At 3 am, I cut across lots to go to Dr. Syed’s tea. He is a Mohamedan and a retired professor from Allahabad University. He also invited Miss Merston. He said he would have taken me for a Kashmiri lady, but certainly not for an American, because I seem much more like an Indian lady than a Westerner. The tea was made from the tulsi plant which is supposed to have many curative qualities. It is also supposed to be the most sacred plant in India. The infinite varieties of Indian delicacies are always a pleasure to the palate. Much as I enjoyed the tea, I hated to miss spending that time with Bhagavan.
The Syeds have a lovely view of Arunachala from their place. With the 6 pm dinner comes the Lamp Lighter’s Serenade. One of the devotees brings in a lighted lamp and places it alongside the leaf-plate. It seems a little foolish to walk down the open road in broad day light with a lighted lantern, but that
is country life in India.
Thelma took a room from the Syed’s and shifted on 21st March 1948:
Moving day! The new quarters at Dr. Syed’s could hardly be put in the same category as the Ritz, but they are reasonably comfortable. There is a rope cot, a small table and a chair and even an electric light in the larger of the two rooms. The combination kitchen and bath didn’t fare so well, however, it has only a single wooden plank for an all-purpose shelf; no lights and just one tiny window. The thatched roof and side walls don’t meet, leaving an open invitation to mice, rats, cats, snakes, etc. Looks as though I am due for an invitation into the real Indian way of life. But Mrs. Syed is very accommodating and helpful and has even offered to teach me Hindi. After the evening meal at the Ashram, Yogi’s children were waiting to escort me to their house. Mother Yogi had made sweets for the occasion. She gave me a charcoal stove, a generous supply of tins, and other miscellaneous things to start me on my Indian housekeeping adventure.
Thelma’s entries pertaining to Tiruvannamalai’s environs in the 1940s communicates the rural beauty and simplicity of a less complicated time in history:
Sleeping on the roof terrace of Dr. Syed’s new home is perfectly wonderful. Awakened several times during the night just to enjoy the view of Arunachala and the star-canopied heaven. The moon too was so pretty as it slowly made its way across the sky. Went to Yogi’s for breakfast this morning and for a lesson in Indian cooking. Mr. Yogi was busy with the daily home spinning while breakfast was being prepared. He spent twenty years with the Congress Party before taking up Bhagavan’s “cause” as he calls it. He proudly tells of the time he spent in jail for his country’s cause. The children don’t go to school, but he instructs them daily. Dr. Syed left for Allahabad today which means Mrs. Syed and I will have the compound to ourselves.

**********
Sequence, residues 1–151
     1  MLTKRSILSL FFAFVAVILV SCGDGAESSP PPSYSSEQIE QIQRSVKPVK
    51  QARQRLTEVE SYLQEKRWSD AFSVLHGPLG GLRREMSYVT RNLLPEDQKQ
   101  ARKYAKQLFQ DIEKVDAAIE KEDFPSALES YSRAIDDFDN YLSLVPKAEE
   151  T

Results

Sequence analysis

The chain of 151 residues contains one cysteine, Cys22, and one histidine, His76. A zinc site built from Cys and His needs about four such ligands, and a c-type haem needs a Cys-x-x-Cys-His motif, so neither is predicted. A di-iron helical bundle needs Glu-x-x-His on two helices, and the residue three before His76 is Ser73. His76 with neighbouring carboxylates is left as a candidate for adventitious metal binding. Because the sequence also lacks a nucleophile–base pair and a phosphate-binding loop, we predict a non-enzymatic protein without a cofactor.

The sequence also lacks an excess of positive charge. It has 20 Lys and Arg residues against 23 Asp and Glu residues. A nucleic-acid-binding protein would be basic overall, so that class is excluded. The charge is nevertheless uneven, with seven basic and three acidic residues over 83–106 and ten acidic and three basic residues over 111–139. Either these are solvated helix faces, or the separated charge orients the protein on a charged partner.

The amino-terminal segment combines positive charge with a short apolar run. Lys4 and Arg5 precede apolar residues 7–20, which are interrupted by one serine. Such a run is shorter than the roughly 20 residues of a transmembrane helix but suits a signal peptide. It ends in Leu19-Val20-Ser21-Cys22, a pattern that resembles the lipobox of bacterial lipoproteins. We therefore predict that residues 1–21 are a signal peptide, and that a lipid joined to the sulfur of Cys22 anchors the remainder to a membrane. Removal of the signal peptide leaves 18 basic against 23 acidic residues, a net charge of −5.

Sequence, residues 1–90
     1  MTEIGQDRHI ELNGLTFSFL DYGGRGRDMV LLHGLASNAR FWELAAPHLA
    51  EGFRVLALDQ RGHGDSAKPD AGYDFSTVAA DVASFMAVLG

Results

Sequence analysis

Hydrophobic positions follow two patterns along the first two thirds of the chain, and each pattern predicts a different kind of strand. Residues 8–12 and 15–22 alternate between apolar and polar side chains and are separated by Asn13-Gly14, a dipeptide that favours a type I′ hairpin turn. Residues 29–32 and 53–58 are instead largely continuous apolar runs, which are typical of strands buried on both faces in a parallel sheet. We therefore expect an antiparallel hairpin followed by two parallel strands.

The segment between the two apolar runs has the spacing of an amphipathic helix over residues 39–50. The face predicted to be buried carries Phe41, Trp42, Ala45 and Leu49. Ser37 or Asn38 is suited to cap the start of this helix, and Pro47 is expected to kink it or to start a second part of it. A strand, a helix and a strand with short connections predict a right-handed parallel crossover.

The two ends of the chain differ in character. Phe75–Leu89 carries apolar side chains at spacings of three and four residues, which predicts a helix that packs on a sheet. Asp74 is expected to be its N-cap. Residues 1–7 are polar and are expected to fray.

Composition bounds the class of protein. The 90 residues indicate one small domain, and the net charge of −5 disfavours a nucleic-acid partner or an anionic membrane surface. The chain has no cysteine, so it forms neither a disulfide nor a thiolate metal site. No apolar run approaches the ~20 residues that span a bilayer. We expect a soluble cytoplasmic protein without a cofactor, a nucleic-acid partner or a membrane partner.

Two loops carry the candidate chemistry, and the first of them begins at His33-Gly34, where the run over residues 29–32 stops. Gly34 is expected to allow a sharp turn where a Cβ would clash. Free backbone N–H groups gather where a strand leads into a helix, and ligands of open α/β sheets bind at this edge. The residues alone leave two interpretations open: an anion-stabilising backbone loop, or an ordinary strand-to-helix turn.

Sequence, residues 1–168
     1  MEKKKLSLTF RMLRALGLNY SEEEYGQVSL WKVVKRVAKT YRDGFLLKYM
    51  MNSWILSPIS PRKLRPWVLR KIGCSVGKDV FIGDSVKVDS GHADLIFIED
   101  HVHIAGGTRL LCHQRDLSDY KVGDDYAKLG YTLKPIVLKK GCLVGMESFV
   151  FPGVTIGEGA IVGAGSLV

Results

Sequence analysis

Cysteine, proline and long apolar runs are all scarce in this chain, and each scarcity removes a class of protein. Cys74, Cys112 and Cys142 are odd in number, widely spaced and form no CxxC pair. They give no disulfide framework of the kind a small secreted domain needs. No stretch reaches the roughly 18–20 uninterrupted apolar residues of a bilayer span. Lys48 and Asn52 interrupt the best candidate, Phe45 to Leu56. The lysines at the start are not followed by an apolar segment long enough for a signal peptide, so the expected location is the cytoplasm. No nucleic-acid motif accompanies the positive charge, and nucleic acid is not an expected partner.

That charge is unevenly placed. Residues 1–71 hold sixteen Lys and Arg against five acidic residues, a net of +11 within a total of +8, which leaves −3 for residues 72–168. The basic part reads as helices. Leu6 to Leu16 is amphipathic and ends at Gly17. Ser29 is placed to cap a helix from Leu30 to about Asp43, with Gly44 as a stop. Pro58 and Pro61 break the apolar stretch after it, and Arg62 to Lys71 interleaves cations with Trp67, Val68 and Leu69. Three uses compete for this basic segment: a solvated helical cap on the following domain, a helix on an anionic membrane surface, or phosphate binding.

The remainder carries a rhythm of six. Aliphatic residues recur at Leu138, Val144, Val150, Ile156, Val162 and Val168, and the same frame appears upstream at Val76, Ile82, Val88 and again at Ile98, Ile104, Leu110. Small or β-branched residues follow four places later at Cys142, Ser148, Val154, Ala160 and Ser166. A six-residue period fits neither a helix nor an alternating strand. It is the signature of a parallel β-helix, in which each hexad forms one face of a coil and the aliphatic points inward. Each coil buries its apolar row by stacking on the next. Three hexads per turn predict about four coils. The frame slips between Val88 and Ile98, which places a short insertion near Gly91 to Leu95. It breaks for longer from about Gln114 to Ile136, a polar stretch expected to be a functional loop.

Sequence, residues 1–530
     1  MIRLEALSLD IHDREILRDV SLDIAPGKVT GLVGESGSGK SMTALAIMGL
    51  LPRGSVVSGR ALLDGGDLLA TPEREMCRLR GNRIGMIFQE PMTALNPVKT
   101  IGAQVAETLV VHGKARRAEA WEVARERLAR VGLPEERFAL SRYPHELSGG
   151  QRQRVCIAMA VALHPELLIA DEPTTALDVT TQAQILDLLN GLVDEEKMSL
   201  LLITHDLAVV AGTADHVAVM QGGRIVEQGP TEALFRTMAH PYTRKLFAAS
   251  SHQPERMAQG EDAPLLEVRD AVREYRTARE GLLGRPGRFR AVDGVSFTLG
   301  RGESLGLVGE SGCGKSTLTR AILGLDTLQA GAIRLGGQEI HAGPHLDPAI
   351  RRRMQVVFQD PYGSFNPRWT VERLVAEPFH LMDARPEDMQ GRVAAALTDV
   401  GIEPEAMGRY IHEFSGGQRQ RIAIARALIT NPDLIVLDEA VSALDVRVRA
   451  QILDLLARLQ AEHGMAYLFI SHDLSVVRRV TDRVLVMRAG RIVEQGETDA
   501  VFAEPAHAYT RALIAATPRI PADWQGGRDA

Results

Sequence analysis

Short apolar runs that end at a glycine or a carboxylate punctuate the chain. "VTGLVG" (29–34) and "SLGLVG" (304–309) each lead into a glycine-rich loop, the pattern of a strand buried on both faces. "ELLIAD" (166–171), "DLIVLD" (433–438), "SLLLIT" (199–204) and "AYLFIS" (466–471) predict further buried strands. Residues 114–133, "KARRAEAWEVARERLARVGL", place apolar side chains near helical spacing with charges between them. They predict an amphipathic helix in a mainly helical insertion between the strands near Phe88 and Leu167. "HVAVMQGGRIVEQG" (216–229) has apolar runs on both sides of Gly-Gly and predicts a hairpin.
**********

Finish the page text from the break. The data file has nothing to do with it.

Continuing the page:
Breakfast with Bhagavan
Though till now she had been sleeping in Sujata Sen’s kutir, she had been allowed to eat at the Ashram each day. But the move to the Syed’s signalled her willingness to take up cooking and provide for her own food needs in light of the space and resource limitations in the ever-growing Ashram:
This morning I had my last breakfast with Bhagavan and so I took special care to thoroughly enjoy it: No rushing this time. Today Sakur, Mrs. Syed’s servant, did some marketing for me. When he returned Mrs. Syed spread a mat on the ground in the back yard and Sakur (who looks like six years old but is actually twelve) spread out all the purchases and then came the fun. It was really amusing to see the procedure. He had bought some things for Mrs. Syed also and so the reckoning was a bit complicated for his little head. However with his Tamil figures, Mrs. Syed’s Urdu figures and my English ones everything tallied perfectly which brought a gleam of satisfaction to Sakur’s eyes. He is a bright little fellow with plenty of initiative. He bought several extras which I hadn’t asked for but which he knew I would be needing. Child-like he bought himself a half anna toy which was all Mrs. Syed would allow me to give him for all his trouble.
Accepting Whatever is Offered
Though now some blocks away from the Ashram, Thelma continues the daily round which includes morning meditations at the Ashram and darshan with the Maharshi: